Wednesday 13 December 2017

Glenn Whelan facing axe as Martin O'Neill ponders options for Austria

Strong case to make room for both Arter and Hoolahan in engine room

Harry Arter has strong claims to win a place in Ireland midfield ahead of Glenn Whelan. Photo by Ramsey Cardy/Sportsfile
Harry Arter has strong claims to win a place in Ireland midfield ahead of Glenn Whelan. Photo by Ramsey Cardy/Sportsfile
Daniel McDonnell

Daniel McDonnell

"If Austria allow us to go with 15 players, I'll go with it," said Martin O'Neill, with a grin.

He was speaking in the bowels of the Aviva Stadium last Sunday night, in good form after the impressive friendly win over Uruguay.

Under pressure: Darren Raldolph. Photo by David Maher/Sportsfile
Under pressure: Darren Raldolph. Photo by David Maher/Sportsfile

In the past fortnight, both O'Neill and Roy Keane have spoken in frustrated terms about just how often they spend talking about players who are absent from their dressing room.

This summer window has been different. Admittedly, if it all goes wrong against Austria, it's plausible that the names of Seamus Coleman and Shane Long will feature in the post-mortem. Ciaran Clark and James McCarthy are regular starters, too.


Nevertheless, O'Neill does have quantity this week in terms of players he can really trust, and they showed a quality against Uruguay that has presented the manager with a couple of headaches in important positions.

Midfield is one area where big decisions have to be made, primarily due to the growing case for Harry Arter, who was absent for March's draw with Wales, along with Robbie Brady and Wes Hoolahan.

Glenn Whelan and Jeff Hendrick manned the ship against Wales along with David Meyler and ingenuity was lacking.

There is also the goalkeeping issue, with Keiren Westwood's form at Sheffield Wednesday and a solid cameo against Uruguay putting pressure on Darren Randolph, who endured a sticky spell at West Ham at the end of the season and was guilty of an error of judgement to hand Uruguay a goal.

"I have plenty to contemplate," said O'Neill when asked directly about the goalkeeping shirt. "I don't think I should really be discussing that particular issue now.

"Obviously I knew Westy at club level. He's a really talented goalkeeper. Just get his head right and he's great.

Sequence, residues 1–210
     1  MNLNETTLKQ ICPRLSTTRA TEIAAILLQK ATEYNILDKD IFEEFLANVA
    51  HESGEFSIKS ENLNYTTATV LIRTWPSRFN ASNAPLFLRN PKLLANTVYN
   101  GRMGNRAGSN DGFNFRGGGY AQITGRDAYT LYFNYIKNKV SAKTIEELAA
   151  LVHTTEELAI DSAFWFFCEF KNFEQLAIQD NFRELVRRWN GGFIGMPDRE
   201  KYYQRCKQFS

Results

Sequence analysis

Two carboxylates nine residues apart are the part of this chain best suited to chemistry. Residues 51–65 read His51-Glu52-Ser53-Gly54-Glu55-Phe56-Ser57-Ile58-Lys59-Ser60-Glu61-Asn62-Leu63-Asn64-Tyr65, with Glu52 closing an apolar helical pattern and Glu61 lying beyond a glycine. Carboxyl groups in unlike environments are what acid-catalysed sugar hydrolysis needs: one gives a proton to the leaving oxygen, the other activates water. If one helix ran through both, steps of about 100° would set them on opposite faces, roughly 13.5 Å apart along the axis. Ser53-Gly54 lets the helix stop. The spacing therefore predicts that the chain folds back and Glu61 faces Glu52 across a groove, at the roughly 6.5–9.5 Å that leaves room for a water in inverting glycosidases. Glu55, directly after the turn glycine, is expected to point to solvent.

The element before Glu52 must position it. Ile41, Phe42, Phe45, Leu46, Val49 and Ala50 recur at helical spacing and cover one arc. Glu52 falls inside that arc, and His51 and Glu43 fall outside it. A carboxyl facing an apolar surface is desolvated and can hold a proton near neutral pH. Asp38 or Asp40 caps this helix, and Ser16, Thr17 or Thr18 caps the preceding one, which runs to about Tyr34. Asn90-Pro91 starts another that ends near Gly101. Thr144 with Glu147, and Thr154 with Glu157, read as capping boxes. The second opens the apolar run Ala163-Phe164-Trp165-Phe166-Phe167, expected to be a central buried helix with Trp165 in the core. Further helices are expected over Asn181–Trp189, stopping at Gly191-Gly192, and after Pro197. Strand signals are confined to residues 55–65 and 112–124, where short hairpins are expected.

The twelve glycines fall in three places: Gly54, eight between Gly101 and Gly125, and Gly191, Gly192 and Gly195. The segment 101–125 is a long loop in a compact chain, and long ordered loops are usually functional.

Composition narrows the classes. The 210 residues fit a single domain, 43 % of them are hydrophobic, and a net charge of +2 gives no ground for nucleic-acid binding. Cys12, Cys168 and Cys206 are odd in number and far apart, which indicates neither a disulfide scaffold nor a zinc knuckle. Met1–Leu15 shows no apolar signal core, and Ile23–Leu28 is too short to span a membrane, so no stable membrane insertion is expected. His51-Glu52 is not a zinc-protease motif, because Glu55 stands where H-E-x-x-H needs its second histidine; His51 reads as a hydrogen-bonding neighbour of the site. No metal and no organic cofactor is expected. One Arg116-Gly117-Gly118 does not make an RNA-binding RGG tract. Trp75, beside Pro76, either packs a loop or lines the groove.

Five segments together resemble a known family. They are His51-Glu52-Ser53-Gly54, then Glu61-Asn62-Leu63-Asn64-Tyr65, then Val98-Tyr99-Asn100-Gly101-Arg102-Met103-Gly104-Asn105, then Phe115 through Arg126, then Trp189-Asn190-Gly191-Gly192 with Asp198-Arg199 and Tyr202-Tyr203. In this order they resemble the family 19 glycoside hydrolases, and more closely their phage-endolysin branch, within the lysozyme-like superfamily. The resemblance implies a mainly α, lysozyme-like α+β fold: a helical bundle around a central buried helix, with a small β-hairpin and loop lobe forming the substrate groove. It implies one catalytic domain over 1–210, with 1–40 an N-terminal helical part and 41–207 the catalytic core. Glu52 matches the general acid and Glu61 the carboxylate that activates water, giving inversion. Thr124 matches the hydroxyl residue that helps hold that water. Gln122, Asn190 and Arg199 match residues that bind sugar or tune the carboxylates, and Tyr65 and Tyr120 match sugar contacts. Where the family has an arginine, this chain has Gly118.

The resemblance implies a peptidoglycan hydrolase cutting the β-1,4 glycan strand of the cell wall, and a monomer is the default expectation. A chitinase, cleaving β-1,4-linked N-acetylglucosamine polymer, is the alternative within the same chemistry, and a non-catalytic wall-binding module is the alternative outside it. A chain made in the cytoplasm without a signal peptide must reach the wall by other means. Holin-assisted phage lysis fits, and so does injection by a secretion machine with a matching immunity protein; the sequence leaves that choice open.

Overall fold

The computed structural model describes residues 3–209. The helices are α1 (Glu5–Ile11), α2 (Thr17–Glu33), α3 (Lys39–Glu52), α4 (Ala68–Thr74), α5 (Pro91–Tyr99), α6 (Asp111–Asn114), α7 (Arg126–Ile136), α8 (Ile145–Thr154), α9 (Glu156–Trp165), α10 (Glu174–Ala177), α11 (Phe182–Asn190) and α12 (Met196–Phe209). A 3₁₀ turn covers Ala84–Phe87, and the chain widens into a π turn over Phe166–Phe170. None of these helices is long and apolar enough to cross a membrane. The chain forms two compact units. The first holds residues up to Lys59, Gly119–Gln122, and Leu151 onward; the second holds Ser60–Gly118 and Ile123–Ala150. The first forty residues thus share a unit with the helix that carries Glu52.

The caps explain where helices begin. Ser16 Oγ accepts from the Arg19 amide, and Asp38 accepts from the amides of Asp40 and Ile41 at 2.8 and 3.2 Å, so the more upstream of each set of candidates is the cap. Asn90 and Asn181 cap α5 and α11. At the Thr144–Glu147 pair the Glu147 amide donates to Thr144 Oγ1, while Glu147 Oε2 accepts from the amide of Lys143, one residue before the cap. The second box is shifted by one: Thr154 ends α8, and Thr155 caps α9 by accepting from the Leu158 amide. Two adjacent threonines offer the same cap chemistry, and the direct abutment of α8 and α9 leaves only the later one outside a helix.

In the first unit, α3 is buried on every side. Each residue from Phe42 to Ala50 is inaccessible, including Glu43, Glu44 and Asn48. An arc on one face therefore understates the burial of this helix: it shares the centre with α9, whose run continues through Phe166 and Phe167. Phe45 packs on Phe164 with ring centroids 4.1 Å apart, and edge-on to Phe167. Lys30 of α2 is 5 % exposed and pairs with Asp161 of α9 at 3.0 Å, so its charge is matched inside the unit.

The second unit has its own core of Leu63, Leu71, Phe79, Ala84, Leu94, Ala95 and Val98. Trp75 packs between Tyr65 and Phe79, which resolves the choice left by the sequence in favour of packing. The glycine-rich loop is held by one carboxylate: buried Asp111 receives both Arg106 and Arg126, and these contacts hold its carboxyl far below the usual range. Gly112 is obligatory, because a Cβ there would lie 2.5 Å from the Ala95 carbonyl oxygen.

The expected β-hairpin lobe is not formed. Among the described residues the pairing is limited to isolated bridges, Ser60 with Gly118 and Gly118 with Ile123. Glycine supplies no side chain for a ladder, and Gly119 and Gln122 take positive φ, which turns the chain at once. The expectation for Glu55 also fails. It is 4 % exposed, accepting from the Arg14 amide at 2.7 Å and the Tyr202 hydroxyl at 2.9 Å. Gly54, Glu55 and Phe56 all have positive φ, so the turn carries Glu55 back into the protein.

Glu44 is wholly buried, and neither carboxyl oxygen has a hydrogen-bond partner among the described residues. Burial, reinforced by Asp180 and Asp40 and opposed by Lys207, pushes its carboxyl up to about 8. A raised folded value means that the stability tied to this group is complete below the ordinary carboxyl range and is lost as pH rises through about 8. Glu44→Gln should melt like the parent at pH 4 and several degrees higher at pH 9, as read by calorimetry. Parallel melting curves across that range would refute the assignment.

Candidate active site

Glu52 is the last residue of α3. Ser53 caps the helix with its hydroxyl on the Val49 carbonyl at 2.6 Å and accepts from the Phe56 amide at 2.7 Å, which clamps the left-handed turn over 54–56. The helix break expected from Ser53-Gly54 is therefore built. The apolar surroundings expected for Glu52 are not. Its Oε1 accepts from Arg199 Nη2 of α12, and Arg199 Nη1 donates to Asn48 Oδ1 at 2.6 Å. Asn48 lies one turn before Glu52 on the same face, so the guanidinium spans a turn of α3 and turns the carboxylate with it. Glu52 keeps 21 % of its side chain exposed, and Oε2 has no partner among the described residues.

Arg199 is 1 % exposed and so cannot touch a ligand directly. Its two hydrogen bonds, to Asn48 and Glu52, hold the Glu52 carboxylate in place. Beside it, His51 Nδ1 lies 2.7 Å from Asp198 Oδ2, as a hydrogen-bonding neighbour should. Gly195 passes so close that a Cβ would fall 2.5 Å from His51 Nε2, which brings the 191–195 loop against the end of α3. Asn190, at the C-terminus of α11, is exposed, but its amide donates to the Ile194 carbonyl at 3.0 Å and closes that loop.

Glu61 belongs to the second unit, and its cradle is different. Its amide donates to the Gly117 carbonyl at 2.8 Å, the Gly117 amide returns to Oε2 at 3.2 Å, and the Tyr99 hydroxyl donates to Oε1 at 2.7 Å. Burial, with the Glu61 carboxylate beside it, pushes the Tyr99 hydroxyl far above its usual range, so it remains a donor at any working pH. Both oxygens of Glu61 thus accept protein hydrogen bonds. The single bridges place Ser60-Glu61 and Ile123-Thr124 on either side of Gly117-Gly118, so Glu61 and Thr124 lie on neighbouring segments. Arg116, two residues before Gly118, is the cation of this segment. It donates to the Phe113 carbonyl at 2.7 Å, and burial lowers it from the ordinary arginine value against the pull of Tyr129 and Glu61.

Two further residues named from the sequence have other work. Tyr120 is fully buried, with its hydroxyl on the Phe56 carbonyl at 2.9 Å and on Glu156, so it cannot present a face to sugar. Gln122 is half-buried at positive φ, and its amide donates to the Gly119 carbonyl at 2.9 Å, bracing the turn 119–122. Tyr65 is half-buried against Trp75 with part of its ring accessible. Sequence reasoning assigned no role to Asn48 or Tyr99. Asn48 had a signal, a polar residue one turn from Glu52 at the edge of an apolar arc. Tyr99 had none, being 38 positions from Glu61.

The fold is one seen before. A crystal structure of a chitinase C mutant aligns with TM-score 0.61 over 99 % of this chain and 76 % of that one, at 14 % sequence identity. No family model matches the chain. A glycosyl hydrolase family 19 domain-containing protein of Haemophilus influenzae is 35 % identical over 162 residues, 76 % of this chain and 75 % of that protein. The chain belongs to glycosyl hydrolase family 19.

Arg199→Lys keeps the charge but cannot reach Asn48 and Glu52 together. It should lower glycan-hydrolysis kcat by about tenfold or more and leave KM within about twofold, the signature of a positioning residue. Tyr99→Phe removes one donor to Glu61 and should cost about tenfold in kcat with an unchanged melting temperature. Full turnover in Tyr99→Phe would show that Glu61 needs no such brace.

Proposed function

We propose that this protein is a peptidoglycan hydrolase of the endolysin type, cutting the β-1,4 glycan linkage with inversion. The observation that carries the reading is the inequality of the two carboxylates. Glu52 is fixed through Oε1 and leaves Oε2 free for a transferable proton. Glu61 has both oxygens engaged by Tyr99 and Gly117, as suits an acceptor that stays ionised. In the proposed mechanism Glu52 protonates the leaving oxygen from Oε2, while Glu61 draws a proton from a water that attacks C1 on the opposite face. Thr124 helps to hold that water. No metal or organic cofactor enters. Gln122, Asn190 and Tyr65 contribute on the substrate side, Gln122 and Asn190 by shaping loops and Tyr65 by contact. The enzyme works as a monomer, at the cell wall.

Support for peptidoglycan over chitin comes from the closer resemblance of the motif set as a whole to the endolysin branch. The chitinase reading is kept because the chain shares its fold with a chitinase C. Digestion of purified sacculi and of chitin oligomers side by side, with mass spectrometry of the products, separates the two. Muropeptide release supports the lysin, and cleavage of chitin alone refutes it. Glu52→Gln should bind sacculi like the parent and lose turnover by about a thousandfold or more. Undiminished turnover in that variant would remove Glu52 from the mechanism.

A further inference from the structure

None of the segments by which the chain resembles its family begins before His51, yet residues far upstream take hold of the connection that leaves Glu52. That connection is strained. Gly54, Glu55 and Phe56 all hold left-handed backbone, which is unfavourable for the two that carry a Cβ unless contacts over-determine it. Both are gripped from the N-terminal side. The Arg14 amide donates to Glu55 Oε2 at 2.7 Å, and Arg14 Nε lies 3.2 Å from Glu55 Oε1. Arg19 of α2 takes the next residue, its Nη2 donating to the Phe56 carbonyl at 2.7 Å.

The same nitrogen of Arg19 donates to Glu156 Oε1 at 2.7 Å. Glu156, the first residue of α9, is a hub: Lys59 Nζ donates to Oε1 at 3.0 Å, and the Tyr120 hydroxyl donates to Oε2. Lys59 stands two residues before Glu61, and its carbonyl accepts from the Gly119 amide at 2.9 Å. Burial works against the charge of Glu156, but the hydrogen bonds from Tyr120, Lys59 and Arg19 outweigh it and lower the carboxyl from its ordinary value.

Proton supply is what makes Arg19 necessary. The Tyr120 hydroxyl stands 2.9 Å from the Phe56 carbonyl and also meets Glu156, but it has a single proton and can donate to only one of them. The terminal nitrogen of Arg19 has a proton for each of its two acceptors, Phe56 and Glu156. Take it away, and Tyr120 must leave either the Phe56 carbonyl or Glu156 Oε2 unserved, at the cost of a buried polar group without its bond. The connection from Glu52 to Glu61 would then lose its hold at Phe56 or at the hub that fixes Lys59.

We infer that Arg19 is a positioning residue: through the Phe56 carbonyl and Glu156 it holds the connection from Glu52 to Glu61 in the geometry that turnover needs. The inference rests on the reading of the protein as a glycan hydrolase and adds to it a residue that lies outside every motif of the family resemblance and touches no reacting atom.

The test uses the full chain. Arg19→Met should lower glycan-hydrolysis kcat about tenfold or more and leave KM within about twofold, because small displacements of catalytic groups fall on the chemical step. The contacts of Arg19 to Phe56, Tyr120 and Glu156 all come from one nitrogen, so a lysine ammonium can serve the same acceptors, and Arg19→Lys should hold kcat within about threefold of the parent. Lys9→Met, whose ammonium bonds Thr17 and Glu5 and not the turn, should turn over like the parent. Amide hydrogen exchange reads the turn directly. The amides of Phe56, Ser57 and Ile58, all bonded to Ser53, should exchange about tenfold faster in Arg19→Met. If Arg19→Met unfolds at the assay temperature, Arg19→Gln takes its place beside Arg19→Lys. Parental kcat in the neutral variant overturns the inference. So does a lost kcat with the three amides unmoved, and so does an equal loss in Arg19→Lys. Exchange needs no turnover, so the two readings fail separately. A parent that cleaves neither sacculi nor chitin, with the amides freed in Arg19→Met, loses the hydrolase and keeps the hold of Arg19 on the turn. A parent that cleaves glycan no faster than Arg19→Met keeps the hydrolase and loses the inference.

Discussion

"He's really fine now and I think he's got over the team losing out in the play-offs. As for Darren, I don't think he's let us down too often."

If O'Neill was bound completely by loyalty, he might have turned to David Forde when Shay Given pulled up in that famous qualifier with Germany in October 2015.

Instead, he turned to a player with no competitive experience and the rest is history.

Drafting in Westwood would be a much less risky proposition in comparison.

It wouldn't be a huge surprise if Randolph retained the shirt, but it would be a bigger one if Arter was excluded.

There has to be significance in O'Neill giving the Bournemouth player a full workout last Sunday and his inclusion would mean an established squad member sitting it out.

Robbie Brady and Jeff Hendrick are always picked when available and Brady was selected as a wide player last Sunday.

If O'Neill goes with Jon Walters through the centre again, using Brady and McClean on the flanks would give him four players for three midfield places - Hendrick, Arter, Whelan and Hoolahan.

Brady will come into that equation if Walters is given the nod on the right and Daryl Murphy takes central responsibility.

There is an assumption that Whelan will play, but it's worth noting that the shield he provides was sacrificed midway through the Euros.

O'Neill went with the energy of McCarthy then and it isn't beyond the realms of possibility that Arter could get the nod next to Hendrick.


That is the plausible route into the side for Hoolahan, with O'Neill's post-match assertion that Ireland needed to be positive and avoid regrets surely giving encouragement to the veteran.

The 65-year-old leaves it late before letting his players know the team and he gave the impression that he still has to run over some things in his own head at this remove.

Another factor is niggling injuries and Whelan left the pitch at half-time against the Uruguayans with a back complaint.

In a switch from the original plan, Ireland will train today and then hold an open training session at the Aviva tomorrow, before a day off on Thursday to recharge the batteries in the long build-up.

"We have a couple of days to think about it," says O'Neill. "The training on Wednesday, the fans thing, will give us another feel of the pitch."

Experienced centre-halves John O'Shea and Richard Keogh did not figure against Uruguay and they are vying to partner Shane Duffy, with a review of Kevin Long's full debut suggesting that the Corkman is viewed as one with a bit of learning to do.

"I thought he didn't do too badly, he'll not mind me saying," said O'Neill,

"He's got certain things to work on. Getting his body shape right for set pieces, for instance - not being square on and not standing beside someone, either. But he's a really good lad. He wants to listen and learn and he's essentially just starting his career."

It's clear that O'Neill views the Austrian test as a game for those with a fuller education.

Experience and common sense tells him it will be a tighter affair than the match against Uruguay, who showed little willingness at times to really put pressure on the Irish midfield.

"We're not going to destroy teams - that's no great secret. We're going to have to fight for every inch," he said.

Misfortune played a big part in his team selection for Wales. The number of contenders putting their hand up has complicated things this time around. But it's a good problem to have.

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